Most of us are aware that the human body contains many different acids – for example, fatty acids, amino acids, and those unpopular stomach acids that cause heartburn and reflux. There’s another acid in our bodies that doesn’t roll off our tongue as easily. We don’t talk much about uric acid. Problems with the levels of uric acid in your body are the cause behind the common and very painful condition called gout.
Too much uric acid
Some people just naturally have a high level of uric acid in their systems, or they take medication that affects their levels. Certain foods contain substances called purines, which your body metabolizes into uric acid. But uric acid is actually a waste product. If your levels are naturally very high or if you eat too many purine-rich foods, your kidneys may be faced with more uric acid than they can handle. If your kidneys are not breaking down uric acid and you are not eliminating it via urination, then it hangs around in your body, often in your joints.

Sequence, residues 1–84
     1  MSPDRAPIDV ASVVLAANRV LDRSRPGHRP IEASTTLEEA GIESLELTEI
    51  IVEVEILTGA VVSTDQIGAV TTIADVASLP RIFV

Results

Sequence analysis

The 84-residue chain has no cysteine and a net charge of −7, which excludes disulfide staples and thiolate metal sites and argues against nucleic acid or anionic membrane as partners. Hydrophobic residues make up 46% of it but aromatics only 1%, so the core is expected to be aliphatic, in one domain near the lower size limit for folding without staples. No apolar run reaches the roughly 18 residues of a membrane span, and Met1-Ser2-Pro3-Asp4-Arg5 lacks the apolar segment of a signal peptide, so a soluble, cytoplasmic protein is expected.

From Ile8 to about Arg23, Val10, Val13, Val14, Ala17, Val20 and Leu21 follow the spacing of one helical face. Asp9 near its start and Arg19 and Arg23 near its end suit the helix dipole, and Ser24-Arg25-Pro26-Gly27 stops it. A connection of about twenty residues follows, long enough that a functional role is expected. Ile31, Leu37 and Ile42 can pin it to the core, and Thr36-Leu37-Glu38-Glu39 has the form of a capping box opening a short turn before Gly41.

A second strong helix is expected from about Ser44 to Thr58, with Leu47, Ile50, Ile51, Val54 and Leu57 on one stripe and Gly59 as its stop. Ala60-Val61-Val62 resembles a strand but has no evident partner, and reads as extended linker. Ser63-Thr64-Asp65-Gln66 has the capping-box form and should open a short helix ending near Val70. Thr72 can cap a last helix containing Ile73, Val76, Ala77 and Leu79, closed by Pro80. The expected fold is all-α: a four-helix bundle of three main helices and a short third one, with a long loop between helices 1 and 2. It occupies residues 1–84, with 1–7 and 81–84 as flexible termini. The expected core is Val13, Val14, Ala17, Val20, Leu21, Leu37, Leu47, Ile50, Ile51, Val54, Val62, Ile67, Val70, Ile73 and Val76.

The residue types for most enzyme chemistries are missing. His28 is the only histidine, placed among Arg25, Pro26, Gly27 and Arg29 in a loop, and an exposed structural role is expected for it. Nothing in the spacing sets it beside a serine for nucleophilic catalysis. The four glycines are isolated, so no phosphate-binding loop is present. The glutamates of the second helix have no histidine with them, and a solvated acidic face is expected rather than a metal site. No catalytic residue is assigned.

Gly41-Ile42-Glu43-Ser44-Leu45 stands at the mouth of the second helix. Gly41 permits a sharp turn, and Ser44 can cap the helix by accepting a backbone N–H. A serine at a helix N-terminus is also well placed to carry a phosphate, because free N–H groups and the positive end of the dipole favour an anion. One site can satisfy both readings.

Why your big toe hurts
Many of our patients at Foot & Ankle Associates of Cleveland contact us with excruciating pain in their big toe. With a first symptom like that, Dr. Megan L. Oltmann and Dr. Craig B. Frey – the podiatrists at our office in Solon, OH – will immediately suspect that these patients have gout. Why? Because uric acid often settles in the form of crystals in the joint of your big toe, causing a sudden onset of intense pain, burning, throbbing, and tenderness.
Managing uric acid levels
- Drink lots of water
- Limit the amount of alcohol you drink
- Restrict the number of times you eat red meat every week
- Studies have suggested that drinking coffee, eating cherries, and supplementing your diet with Vitamin C all help to keep your levels of uric acid in check.
Fortunately, the intense pain of a gout attack usually subsides within a matter of hours. But if you don’t take steps to prevent gout from recurring, you risk damaging your toe joint permanently. Take steps to prevent gout, but if you do have sudden pain in your toe, visit the foot professionals of Cuyahoga County as soon as possible. Call us at (440) 903-1041 or make an appointment online.